The ancient Greeks lived in separate city states, from Turkey to the south of France, but shared the same language and religion. Sometimes they fought each other, and sometimes they worked together to fight other enemies.
The history of ancient Greece can be organized into periods (or ages):
The Bronze Age 3200 – 1100 BC
The Mycenaean Age (Late Bronze Age, aka Age of Heroes) 1600 – 1100 BC
Archaic Period 600 – 480 BC
Classical Period (Golden Age, ending with Alexander the Great) 480 – 323 BC
Hellenistic Period (after the death of Alexander the Great) 323 – 31 BC
The Mycenaean Age was named after the village of Mycenae, the first of its period to be discovered and excavated by archaeologists.
The Mycenaean Age is considered the age of heroes because this is when all the epic events took place, which Homer wrote about - the battle of Troy, and the return of Odysseus.
Art of the Mycenaean Age consisted mostly of pottery, with simple, geometric figures and designs. Greek ceramics had distinct shapes, based on function:
Amphora - were mostly wine jugs (for storing wine). Also used as urns.
Hydria - were water jugs.
Oinochoe - were wine jugs (for pouring at the table)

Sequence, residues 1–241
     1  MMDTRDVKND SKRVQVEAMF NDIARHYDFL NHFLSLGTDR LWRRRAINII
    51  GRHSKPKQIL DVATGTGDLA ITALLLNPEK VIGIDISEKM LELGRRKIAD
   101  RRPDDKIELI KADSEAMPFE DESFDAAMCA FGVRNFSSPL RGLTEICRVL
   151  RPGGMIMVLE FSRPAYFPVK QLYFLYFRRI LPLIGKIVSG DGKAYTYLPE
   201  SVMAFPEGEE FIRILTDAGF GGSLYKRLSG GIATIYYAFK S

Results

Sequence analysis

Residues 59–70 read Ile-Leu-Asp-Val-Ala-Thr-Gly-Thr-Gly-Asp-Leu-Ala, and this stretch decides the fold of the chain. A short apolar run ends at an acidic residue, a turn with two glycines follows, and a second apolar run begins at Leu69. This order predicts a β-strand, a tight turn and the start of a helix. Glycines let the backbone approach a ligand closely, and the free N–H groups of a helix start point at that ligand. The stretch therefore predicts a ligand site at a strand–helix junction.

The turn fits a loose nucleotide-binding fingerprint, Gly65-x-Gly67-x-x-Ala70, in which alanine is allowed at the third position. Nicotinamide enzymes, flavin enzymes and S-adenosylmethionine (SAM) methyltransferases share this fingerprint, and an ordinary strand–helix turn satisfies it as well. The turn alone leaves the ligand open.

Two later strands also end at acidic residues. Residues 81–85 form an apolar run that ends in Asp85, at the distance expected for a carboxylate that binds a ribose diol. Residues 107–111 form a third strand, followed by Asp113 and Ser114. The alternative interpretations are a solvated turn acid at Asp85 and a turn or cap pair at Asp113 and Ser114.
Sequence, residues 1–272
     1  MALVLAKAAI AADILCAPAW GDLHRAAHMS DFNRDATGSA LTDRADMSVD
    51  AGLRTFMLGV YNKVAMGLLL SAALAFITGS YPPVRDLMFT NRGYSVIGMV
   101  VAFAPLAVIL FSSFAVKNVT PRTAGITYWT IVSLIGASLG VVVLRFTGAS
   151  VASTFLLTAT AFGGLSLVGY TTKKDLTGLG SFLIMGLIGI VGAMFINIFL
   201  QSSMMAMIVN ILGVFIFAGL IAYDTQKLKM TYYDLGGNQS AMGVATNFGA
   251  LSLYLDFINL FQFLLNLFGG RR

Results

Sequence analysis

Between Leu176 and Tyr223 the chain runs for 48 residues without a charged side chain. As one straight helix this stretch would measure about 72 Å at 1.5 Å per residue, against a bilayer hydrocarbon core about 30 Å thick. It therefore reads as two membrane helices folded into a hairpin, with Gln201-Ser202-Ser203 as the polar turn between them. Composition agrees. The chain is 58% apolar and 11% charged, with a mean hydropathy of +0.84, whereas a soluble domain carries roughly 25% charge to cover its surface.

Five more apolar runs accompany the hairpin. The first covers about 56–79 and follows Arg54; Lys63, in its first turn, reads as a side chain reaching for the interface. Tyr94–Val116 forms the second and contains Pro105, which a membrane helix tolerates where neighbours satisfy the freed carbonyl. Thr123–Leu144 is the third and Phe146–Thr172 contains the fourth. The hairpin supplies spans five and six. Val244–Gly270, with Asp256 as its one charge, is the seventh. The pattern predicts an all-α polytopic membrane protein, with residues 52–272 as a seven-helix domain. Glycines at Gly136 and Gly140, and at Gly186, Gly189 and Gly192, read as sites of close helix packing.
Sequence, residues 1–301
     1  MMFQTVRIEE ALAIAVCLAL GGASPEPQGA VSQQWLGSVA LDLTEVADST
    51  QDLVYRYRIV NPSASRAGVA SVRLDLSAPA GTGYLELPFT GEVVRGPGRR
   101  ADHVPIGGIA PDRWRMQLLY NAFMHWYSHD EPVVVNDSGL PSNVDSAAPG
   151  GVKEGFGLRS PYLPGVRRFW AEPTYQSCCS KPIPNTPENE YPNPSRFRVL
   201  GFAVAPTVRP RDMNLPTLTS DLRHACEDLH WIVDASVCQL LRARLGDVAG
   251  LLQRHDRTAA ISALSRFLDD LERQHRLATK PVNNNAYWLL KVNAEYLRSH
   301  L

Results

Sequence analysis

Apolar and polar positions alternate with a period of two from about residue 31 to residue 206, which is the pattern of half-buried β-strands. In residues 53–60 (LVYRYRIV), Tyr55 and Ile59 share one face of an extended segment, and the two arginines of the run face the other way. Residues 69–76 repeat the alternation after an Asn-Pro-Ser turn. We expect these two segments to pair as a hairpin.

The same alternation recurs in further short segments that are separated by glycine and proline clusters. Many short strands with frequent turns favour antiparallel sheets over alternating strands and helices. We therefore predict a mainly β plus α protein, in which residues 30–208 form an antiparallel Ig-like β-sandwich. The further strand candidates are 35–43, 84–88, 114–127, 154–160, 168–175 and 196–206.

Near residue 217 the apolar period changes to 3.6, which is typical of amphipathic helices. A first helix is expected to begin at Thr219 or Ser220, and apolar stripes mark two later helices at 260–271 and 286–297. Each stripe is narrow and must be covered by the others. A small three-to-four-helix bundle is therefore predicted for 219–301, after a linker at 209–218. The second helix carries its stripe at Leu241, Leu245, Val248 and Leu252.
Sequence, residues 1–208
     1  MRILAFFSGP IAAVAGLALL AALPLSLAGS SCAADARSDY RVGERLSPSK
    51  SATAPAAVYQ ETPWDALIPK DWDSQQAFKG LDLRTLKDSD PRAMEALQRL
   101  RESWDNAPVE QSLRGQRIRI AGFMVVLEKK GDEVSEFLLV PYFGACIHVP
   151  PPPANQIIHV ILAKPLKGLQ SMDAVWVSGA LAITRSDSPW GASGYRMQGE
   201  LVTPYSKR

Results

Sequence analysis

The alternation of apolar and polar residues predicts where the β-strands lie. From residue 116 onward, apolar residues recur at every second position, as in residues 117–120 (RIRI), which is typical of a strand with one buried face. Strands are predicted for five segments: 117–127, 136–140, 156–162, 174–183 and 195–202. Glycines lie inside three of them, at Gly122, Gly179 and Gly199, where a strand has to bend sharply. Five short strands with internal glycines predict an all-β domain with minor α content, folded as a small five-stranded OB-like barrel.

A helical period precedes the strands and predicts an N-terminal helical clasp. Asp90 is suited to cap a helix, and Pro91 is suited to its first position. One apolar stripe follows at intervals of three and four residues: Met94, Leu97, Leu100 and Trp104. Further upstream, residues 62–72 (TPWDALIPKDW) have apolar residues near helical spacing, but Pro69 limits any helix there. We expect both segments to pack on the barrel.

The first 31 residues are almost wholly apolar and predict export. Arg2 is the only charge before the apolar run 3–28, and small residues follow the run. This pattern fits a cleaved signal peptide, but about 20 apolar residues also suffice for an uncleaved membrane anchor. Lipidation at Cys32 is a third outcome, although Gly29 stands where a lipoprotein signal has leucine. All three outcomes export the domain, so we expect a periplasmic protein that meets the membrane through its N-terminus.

Kraters - were jugs for mixing wine and water.
Kylix & Kantharos - were drinking cups.
Lekythos - a jug for olive oil.
Pyxis - for women's cosmetics & jewellery.
Greek Pottery can also be divided into stylistic periods:
Proto Geometric 1050 – 900 BC
Geometric 900 – 700 BC
Oriental 800 – 600 BC
Black Figure 620 – 480 BC
Red Figure 520 – 320 BC
White Ground around 500 BC
The greatest art of the Archaic Period were marble statues of young men (Kouroi) and women (Korai). The women were dressed in elegant gowns, but the men were nude. These statues were life-size and free-standing, and were used to mark gravestones. They had arrogant, aristocratic facial expressions.
The Classical Period was Greece's Golden Age, when they produced their most famous art, architecture, theatre, poetry, and philosophy. This period began with the defeat of the invading Persians (present day Iran).
The Parthenon in Athens was built in the Classical Period.
Greeks also began the production of gold and silver coins in the Classical Period.
Hellenistic Greece began with the death of Alexander the Great, and the division of his empire. It ended with the Roman invasion.
The greatest artworks of Hellenistic Greece were statues, for example Nike of Samothrake, and Laocoön and His Sons.
Alexander the Great was so famous, that he started a fashion trend - a clean-shaven ruler. Greek and Roman rulers copied this for 500 years, up until the Roman Emperor Hadrian grew a beard.